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## Math 1311

by: Corina Johnson

22

0

5

# Math 1311 MATH 1311

Corina Johnson
UH

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Section 1.2 Functions Given by Tables
COURSE
Elementary Mathematical Modeling
PROF.
Yifan Wang
TYPE
Class Notes
PAGES
5
WORDS
CONCEPTS
Math, Math Modeling, functions
KARMA
25 ?

## Popular in Mathematics (M)

This 5 page Class Notes was uploaded by Corina Johnson on Monday February 22, 2016. The Class Notes belongs to MATH 1311 at University of Houston taught by Yifan Wang in Spring 2016. Since its upload, it has received 22 views. For similar materials see Elementary Mathematical Modeling in Mathematics (M) at University of Houston.

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Date Created: 02/22/16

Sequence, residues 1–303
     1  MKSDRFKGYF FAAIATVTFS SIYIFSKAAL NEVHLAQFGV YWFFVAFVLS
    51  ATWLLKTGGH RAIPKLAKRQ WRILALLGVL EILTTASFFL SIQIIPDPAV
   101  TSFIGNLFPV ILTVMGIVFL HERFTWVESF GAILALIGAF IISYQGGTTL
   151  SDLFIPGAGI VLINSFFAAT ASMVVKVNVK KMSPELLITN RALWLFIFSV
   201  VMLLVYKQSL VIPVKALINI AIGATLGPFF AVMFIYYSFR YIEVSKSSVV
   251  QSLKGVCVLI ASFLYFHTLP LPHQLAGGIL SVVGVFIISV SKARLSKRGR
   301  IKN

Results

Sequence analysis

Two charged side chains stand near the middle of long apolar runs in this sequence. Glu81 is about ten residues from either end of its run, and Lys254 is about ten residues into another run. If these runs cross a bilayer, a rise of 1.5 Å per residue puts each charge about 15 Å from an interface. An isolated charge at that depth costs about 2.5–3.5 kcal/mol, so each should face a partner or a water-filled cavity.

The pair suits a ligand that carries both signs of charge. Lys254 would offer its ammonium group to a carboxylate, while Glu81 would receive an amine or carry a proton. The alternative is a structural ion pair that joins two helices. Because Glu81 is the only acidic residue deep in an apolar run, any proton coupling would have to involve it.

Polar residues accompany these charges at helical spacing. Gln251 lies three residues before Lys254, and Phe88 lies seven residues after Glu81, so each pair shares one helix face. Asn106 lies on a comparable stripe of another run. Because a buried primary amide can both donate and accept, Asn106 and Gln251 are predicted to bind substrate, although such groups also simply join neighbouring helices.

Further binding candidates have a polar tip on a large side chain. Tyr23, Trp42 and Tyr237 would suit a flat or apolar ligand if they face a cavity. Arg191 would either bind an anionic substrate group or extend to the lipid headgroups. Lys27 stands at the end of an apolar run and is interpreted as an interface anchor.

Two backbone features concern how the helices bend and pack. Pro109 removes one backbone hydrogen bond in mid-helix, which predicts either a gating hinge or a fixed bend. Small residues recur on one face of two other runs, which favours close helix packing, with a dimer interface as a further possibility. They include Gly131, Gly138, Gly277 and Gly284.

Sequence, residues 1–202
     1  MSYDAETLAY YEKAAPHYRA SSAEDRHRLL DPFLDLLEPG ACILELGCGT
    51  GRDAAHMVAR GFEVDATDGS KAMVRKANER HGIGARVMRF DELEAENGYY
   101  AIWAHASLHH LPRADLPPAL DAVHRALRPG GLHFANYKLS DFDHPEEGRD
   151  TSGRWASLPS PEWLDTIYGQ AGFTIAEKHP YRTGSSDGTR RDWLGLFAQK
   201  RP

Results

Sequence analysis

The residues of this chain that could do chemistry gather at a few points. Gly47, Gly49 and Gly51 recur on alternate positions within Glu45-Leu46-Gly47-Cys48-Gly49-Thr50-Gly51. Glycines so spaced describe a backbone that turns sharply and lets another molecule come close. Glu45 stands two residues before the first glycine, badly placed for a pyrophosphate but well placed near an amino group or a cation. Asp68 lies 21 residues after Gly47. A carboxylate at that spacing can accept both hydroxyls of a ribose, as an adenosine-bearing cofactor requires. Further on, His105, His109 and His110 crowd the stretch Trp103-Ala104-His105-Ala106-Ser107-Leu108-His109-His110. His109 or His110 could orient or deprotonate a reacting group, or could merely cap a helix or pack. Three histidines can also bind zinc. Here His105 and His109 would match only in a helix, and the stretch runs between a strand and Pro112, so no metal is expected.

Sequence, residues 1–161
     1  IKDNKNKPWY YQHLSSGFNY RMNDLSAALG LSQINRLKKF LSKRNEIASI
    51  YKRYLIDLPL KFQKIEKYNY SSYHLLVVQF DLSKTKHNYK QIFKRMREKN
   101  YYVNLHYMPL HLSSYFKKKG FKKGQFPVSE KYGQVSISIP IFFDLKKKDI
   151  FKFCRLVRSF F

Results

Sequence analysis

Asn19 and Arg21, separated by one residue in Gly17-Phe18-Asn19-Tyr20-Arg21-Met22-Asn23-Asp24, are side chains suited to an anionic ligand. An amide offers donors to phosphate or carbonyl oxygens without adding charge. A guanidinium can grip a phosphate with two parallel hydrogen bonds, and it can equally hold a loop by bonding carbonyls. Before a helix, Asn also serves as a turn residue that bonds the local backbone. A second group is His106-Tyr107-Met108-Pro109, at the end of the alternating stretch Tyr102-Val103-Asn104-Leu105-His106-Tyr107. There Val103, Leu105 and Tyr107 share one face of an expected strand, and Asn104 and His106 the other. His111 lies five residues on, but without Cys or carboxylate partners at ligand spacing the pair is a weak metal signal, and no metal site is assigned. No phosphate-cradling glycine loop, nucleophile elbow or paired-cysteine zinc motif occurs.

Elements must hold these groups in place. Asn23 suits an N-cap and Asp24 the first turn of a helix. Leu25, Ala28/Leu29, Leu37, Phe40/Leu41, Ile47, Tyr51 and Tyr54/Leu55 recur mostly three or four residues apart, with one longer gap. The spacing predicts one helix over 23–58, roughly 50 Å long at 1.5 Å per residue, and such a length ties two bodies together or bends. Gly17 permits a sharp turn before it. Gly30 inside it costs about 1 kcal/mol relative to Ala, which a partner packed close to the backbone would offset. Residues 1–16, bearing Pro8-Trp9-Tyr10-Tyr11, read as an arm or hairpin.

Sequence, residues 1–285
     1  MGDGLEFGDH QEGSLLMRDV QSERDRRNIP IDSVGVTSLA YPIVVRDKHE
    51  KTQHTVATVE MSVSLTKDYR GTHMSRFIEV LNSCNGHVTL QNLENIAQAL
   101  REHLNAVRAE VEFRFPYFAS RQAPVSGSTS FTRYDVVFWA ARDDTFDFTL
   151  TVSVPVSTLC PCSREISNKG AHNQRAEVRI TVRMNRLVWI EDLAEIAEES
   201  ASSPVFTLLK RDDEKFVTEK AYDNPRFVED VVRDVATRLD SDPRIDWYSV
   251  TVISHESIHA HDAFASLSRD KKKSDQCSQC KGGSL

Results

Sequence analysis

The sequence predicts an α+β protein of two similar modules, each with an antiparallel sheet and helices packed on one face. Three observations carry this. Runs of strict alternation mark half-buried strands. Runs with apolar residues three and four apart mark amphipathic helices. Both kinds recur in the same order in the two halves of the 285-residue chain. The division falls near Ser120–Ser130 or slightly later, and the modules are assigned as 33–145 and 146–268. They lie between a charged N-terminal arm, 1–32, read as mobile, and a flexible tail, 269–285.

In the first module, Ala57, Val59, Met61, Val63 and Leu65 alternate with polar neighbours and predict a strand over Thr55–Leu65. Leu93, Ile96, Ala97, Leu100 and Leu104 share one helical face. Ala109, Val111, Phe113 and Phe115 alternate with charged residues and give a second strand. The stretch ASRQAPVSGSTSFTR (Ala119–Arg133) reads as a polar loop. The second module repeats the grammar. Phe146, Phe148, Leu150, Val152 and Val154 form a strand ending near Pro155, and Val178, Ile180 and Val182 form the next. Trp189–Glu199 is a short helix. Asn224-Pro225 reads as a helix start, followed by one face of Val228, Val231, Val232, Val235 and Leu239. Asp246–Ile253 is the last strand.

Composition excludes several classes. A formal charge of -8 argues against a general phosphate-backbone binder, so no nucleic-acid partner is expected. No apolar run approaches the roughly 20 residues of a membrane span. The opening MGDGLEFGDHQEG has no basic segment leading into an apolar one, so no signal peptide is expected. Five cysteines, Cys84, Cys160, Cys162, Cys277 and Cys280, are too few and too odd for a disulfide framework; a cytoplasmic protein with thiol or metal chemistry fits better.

Math 1311 Section 1.2 Functions Given by Tables Sometimes we work with functions for which we do not know a formula. In this case, many times we use a table of values to show the value of the function for specific values of the independent variables. Why tables? Advantages  Tables are how we can organize experimental data for which the relationship is not known in formula form.  Tables provide an easy to see relationship between quantities, since evaluating a formula is not always easy.  It is often easier to spot trends in tabular data. Disadvantages  There are only finitely many values of the function known; we do not necessarily know what happens in the gaps.  To use the table to guess what will happen in the future, you must assume that there is a pattern and that it will continue. Average Rate of Change is a ratio of the change in function values to the change in values of the independent variable. Average rate of change of a function ???? over the interva1 ???? 2????is defined to be ???? ????)2 − ????(???? 1 ???????????????????????????? ???????????????? ???????? ???????????????????????? = ???? − ???? 2 1 And AROC has units: the units of ???? divided by the units of the ???? variable. This is a VERY IMPORTANT concept throughout this course. Limiting Values  Information about physical situations can sometimes show that limiting values are to be expected for functions that model those physical situations.  The limiting value may be estimated from a trend established by the data. There are 5 basic skills we need to learn from this section. They are 1. Reading a Table of Values 2. Averaging between two data points 3. Finding the Average Rate of Change for an Interval 4. Using the Average Rate of Change to Estimate the Values between data points 5. Recognizing a Limiting Value if it exists We are going to practice these skills by looking at the tables for several physical situations Example 1: Women Employed Outside the Home Year 1943 1946 1970 1980 1990 2000 ????, # in 18.7 16.8 31.5 45.3 56.8 66.3 millions a. Explain what ????(1946) means and give its value. b. Express the number of women employed outside the home in 1985 in function notation and find its value. c. Find the average rate of change for the interval 1980 to 1990. d. Use the average rate of change from part c. to estimate the number of women working outside the home in 1983. e. Find the average rate of change for this function from 1943 to 1946. f. Use the average rate of change from part e. to estimate the number of women working outside the home in 1945. g. The actual value ????(1945) is 19.0. Why is our average rate of change estimate so far off? h. Does the function appear to be increasing, decreasing or tending toward single value as the time goes on? Example 2: The following table shows the number of deer in a wildlife preserve, ????, as a function of the number of years since the herd was introduced. Years, ???? ???? 0 12 5 154 10 379 15 410 20 412 25 412 a. What does ????(15) mean and find its value? b. Find the average rate of change of the deer population in the first five years on the reserve. c. Use the AROC in part b. to estimate the deer population 2 years after the herd was introduced. d. Make a chart that shows the average rate of change for each time interval in the table above. Time interval AROC, deer per year 0 to 5 5 to 10 10 to 15 15 to 20 20 to 25 e. Is there a limiting value for ????(????)? What is it? f. What do you notice about the average rate of change as the value of ???? gets close to the limiting value? Example 3: Gross Domestic Product Year = t 1996 2000 2002 G = GDP, 7.81 9.82 10.45 in millions of dollars a. ????(1996) b. Estimate the gross domestic product in 1998 and express your answer in function notation. c. Find the average rate of change of ???? from 2000 to 2002. d. Use the AROC from part c. to estimate the gross domestic product in 2010.

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